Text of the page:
Douglas was always attended to by Italian boys who worked for him as messengers or cooks, and endless rumors circulated about Douglas’ relationships with these boys. A diary entry written by a friend of Douglas’ described how Douglas performed fellatio on a boy named Marcello. Brothers Sacheverell and Osbert Sitwell warned Cunard that Douglas was dangerous. D.H. Lawrence’s widow, Frieda, told her friend Dudley Nichols that Douglas was “the only wicked man I have known, in a medieval sense.”
Britain’s strict libel laws, the norms of politeness and the power of Douglas’ celebrity seemed to prevent people from writing publicly about his sexual relationships with boys while he was alive.
But you can’t libel the dead.
When Douglas died in 1952, debate about his memory erupted in the press. The first signs of the battle to come appeared in the obituaries. British diplomat Harold Nicolson noted Douglas’ shocking “indulgences” in a death notice for The Spectator.
Nicolson’s article prompted 50 or 60 letters of protest from Douglas’ friends, but there was no holding back the tide. In 1954, Douglas’ former friend Richard Aldington published a book of vicious recollections about the writer titled “Pinorman,” a portmanteau of Norman and his friend Pino Orioli. Aldington didn’t mince words. He called Douglas a pederast whose path in life was “strewn with broken boys and empty bottles.”
Douglas’ friends were outraged. Cunard wrote to Aldington’s publisher accusing him of libel and threatening to wage a “collective protest.” She rallied Douglas’ friends to lambaste the book in reviews. Her own review for the periodical Time and Tide was titled “Bonbons of Gall.” Graham Greene wrote to a friend that he intended to “kill” Aldington’s book, and he penned a review for The London Magazine that was so incendiary it could not be published for fear of libel charges from Aldington, who was very much alive.
Greene maliciously sent Aldington the review and asked for permission to publish it. Naturally, Aldington refused and reached out to friends for help putting together a pamphlet attacking Douglas’ defenders. Frieda Lawrence contributed a story about how Douglas once casually offered her a boy of 14, saying that he preferred them younger. But the pamphlet was so intemperate that a lawyer said it would run afoul of the libel laws and could not be published.
The danger of choosing to forget?
Aldington was forced to retreat. With “Pinorman” disparaged by its reviewers, Aldington was discredited. It seemed that Douglas’ friends had won the battle.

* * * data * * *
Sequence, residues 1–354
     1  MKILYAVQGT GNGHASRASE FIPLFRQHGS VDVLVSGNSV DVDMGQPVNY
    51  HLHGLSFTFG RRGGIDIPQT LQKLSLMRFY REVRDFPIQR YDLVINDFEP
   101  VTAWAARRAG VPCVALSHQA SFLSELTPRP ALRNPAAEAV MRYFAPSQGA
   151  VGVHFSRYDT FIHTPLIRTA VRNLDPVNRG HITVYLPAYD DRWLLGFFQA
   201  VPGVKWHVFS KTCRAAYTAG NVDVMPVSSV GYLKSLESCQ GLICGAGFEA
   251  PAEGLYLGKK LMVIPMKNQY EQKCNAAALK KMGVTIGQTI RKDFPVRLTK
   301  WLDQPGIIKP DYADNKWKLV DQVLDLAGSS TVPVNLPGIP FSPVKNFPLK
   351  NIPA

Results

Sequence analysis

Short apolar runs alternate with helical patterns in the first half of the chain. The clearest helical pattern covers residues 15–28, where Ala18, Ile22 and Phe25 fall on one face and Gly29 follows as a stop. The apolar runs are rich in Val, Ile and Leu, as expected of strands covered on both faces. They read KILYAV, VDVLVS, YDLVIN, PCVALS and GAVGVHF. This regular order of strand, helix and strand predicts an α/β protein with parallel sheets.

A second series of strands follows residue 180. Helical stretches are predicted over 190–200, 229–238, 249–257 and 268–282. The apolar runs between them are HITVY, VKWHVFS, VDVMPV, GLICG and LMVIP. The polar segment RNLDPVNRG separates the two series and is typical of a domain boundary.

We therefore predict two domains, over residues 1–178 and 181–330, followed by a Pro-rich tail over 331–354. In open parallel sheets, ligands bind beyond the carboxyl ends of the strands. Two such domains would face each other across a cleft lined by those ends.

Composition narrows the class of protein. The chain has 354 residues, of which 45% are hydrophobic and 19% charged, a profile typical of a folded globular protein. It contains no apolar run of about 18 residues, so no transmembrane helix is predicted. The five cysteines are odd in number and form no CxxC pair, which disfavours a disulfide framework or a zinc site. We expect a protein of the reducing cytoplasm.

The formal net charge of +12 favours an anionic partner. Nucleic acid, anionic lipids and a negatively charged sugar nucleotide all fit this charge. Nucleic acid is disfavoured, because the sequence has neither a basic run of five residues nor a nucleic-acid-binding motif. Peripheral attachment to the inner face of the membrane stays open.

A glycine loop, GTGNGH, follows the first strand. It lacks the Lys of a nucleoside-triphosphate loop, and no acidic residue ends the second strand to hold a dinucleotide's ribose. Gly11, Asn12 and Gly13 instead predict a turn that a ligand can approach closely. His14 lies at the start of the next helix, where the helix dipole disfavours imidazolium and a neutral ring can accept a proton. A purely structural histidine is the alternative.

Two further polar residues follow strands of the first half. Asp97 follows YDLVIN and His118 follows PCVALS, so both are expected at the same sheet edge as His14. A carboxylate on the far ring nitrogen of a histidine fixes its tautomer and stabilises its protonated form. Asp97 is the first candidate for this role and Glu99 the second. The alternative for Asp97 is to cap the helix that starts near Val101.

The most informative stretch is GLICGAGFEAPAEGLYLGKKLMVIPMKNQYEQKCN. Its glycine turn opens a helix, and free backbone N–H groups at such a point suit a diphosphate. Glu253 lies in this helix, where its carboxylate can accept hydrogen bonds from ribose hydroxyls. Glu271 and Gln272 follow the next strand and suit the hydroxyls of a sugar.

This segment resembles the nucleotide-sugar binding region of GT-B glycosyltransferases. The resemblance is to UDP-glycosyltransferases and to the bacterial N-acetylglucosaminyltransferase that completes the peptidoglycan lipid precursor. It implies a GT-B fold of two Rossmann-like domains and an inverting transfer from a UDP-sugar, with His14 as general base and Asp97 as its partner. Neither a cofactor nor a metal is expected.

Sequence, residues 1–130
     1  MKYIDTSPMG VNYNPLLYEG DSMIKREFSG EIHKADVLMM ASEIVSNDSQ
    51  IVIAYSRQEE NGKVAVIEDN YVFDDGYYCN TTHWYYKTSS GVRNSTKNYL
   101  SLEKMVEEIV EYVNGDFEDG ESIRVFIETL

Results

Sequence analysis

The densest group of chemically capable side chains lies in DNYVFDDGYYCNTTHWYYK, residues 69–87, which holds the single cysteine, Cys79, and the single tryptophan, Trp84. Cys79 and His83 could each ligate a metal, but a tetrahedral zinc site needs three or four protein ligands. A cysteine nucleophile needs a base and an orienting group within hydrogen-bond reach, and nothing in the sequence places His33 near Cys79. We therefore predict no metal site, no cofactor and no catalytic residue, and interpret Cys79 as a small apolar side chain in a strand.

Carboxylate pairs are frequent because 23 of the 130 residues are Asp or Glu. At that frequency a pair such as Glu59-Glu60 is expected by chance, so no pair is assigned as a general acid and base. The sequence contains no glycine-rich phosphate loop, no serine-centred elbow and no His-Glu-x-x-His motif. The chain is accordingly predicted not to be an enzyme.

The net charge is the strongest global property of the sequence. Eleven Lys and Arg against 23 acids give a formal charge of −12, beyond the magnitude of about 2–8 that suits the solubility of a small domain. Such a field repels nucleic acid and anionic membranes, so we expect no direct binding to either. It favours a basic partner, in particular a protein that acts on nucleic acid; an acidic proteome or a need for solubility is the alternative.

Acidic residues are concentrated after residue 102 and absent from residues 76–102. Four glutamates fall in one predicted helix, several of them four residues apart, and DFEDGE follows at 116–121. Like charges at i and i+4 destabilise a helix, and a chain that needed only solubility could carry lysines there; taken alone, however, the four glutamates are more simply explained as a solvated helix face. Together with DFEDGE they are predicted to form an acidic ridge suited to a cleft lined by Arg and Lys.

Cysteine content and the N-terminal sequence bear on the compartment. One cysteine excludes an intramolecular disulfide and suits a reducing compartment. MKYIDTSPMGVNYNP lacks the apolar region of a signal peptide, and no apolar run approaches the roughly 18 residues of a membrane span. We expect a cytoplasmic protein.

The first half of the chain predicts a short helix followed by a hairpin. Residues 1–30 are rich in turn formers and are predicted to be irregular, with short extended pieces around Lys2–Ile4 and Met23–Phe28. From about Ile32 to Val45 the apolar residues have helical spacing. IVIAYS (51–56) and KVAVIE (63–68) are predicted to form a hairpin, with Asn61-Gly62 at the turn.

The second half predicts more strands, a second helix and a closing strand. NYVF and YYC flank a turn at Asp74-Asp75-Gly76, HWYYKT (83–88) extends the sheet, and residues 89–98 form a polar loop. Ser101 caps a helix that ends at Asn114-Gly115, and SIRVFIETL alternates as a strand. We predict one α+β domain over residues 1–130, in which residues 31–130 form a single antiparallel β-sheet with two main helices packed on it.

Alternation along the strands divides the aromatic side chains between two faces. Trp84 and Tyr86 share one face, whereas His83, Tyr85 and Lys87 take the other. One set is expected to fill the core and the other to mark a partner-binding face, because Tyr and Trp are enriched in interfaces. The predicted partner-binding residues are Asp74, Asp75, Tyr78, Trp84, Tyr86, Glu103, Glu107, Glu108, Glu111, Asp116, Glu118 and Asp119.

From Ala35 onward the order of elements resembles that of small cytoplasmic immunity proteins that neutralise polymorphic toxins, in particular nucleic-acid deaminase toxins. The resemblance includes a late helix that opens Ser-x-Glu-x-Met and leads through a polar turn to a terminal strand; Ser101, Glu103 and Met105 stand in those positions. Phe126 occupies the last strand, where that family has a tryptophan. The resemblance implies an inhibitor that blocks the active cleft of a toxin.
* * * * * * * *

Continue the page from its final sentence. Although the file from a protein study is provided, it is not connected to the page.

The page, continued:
But Aldington won the war. The truth was out there, and Douglas’ reputation was permanently injured.
In the decades that followed many would-be biographers tried their hand at writing Douglas’ story; time and again they failed. Douglas simply could not be remembered as a great writer in the face of the allegations against him. Only one comprehensive biography, titled “Norman Douglas,” has ever been published about him. It came out in 1976, during a rare moment of sexual openness; even so, the publisher almost nixed the manuscript after 10 years of work by its author, Mark Holloway.
Today Douglas is a forgotten writer. When the truth about his sexual relations with children was fully exposed after his death he became an impossible figure to memorialize.
Over time, it’s likely that Michael Jackson’s memory will be similarly eroded. The television show “The Simpsons” has already pulled its 1991 episode featuring Jackson. His name will likely be taken down from public monuments. People will be hesitant to produce new versions of his music. His influence will live on, but it will be difficult to commemorate his work.
Perhaps that is for the best. But maybe it isn’t.
Reluctance to preserve the memory of the extensive history of sex between adults and children leaves society ill-equipped to recognize and handle child sexual abuse today. A culture that is caught up in narratives that identify pedophiles as monsters has a hard time recognizing when beloved figures, like Michael Jackson, are molesting children right before its eyes.
There is need for history to remember abusers and to remember them in all their complexity. If Jackson’s memory is preserved, maybe it will be easier to see the present more clearly.